At a propane filling station: “Thank heaven for little grills.”

So yes, there are some wonderful techniques that will quickly and dramatically improve your communication effectiveness. But I will have to say there is one thing more important than communication “techniques” … and that is to …

=> 3. Develop a passion to communicate

Dr. Howard Hendricks learned that when he was speaking at a Sunday School convention in Chicago. During the noon break, he and three other nationally-known presenters went off to lunch, and as they were waiting in the cafeteria line, Hendricks noticed an elderly woman in front of him. He could see from her badge that she was one of many hundreds of attendees at the conference.

So when a table opened up for four people, he invited the 83-year old woman to join them. And to start the conversation, Hendricks asked, “Do you teach a Sunday School class?”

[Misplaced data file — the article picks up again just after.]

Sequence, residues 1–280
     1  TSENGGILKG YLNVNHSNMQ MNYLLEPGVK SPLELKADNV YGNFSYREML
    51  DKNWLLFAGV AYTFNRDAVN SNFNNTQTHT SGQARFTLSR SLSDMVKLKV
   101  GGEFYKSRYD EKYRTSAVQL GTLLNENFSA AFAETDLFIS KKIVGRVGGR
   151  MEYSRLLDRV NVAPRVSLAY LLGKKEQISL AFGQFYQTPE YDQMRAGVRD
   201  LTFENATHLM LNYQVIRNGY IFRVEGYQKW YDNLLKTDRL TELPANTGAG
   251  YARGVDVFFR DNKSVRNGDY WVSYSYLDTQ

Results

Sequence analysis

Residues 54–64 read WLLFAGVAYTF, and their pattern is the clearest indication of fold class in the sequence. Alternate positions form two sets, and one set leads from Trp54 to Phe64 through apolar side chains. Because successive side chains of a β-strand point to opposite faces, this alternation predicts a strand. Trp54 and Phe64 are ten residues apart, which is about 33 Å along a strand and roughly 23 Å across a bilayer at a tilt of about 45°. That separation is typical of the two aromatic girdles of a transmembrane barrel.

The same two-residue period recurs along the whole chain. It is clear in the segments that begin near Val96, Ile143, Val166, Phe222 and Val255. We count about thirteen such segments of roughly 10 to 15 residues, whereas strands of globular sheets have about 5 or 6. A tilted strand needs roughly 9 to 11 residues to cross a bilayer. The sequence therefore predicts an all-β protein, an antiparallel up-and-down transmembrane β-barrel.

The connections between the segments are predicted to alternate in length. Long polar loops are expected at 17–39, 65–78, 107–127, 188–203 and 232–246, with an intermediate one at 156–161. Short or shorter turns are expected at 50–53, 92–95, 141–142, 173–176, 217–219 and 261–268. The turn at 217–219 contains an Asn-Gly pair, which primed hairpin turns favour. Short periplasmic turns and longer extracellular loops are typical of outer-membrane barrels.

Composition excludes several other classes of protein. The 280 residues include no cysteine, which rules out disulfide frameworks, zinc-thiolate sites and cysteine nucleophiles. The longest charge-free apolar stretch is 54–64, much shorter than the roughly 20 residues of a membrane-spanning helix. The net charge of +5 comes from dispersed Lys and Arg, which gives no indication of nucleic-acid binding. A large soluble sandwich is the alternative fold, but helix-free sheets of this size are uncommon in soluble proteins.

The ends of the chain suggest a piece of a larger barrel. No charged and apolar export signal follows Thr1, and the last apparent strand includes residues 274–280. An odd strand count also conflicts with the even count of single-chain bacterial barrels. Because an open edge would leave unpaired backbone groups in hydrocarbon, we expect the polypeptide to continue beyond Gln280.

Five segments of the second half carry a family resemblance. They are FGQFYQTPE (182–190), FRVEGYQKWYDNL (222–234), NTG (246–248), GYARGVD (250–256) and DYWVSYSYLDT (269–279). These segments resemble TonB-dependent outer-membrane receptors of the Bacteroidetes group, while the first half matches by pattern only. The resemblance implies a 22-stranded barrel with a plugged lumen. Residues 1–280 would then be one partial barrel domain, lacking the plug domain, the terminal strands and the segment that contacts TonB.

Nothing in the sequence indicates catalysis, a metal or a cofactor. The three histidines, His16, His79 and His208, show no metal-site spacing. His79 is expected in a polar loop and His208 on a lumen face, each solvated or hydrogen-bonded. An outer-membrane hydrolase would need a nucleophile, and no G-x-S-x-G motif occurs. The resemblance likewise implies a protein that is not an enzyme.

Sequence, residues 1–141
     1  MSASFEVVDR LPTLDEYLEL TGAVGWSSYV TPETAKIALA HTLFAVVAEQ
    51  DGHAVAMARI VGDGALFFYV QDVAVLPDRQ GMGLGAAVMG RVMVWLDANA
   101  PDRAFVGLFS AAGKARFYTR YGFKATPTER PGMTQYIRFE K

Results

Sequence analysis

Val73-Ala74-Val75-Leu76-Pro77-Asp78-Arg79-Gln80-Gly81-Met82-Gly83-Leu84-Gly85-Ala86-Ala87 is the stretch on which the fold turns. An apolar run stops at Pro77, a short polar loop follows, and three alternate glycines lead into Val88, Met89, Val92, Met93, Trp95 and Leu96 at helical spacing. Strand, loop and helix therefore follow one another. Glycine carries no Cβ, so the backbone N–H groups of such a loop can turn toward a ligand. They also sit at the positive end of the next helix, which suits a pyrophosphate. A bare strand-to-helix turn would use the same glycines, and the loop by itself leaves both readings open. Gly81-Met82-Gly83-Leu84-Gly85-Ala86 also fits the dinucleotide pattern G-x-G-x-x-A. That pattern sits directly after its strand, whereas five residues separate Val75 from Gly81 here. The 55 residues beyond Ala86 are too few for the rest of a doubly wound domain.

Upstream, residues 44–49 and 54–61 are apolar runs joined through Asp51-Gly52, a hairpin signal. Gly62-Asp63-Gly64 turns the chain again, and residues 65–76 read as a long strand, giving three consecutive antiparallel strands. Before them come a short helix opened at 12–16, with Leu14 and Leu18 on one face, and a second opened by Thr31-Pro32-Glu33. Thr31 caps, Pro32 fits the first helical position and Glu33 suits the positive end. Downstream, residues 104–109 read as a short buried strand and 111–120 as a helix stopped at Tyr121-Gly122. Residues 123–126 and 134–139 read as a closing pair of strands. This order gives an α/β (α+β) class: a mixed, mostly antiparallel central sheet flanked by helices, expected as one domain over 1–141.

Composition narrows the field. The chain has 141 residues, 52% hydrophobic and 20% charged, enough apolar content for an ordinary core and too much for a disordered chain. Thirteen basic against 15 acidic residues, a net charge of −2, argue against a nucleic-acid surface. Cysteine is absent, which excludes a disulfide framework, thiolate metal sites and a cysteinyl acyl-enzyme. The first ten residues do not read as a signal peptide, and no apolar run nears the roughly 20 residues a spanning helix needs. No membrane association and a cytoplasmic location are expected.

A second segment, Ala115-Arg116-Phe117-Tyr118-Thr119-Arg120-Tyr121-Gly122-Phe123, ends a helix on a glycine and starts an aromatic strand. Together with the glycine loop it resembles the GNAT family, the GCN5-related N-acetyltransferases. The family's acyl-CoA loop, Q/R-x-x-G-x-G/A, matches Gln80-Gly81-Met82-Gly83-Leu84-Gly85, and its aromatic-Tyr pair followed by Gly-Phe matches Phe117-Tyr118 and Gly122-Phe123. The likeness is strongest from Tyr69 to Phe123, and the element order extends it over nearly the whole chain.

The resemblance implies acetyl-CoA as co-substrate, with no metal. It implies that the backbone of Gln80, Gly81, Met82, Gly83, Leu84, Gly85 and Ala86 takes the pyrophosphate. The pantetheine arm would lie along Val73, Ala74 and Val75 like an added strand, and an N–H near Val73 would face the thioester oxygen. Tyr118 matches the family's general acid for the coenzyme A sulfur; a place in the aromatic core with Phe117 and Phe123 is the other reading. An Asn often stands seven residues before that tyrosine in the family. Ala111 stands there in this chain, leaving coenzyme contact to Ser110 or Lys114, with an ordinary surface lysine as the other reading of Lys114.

“Oh,” she said, “I certainly do.” He imagined it would be a small class of little old ladies, but nonetheless, he continued, “What age group do you teach?”

She said, “I teach a class of junior high boys.” Hendricks thought, “Oh brother, what a mess that must be.”

“How many students do you have?” Hendricks wondered. She said, “13.”

Well with a class that big, he said, “You must come from a rather large church with hundreds of kids in Sunday School.” She said, “No sir, it’s a very small church. We only have 55 students in our entire Kindergarten through 12th grade Sunday School.”

Hendricks was amazed. How could she have about a fourth of the entire Sunday School in her class alone? What was her secret? So he asked, “What are you doing here at the convention?”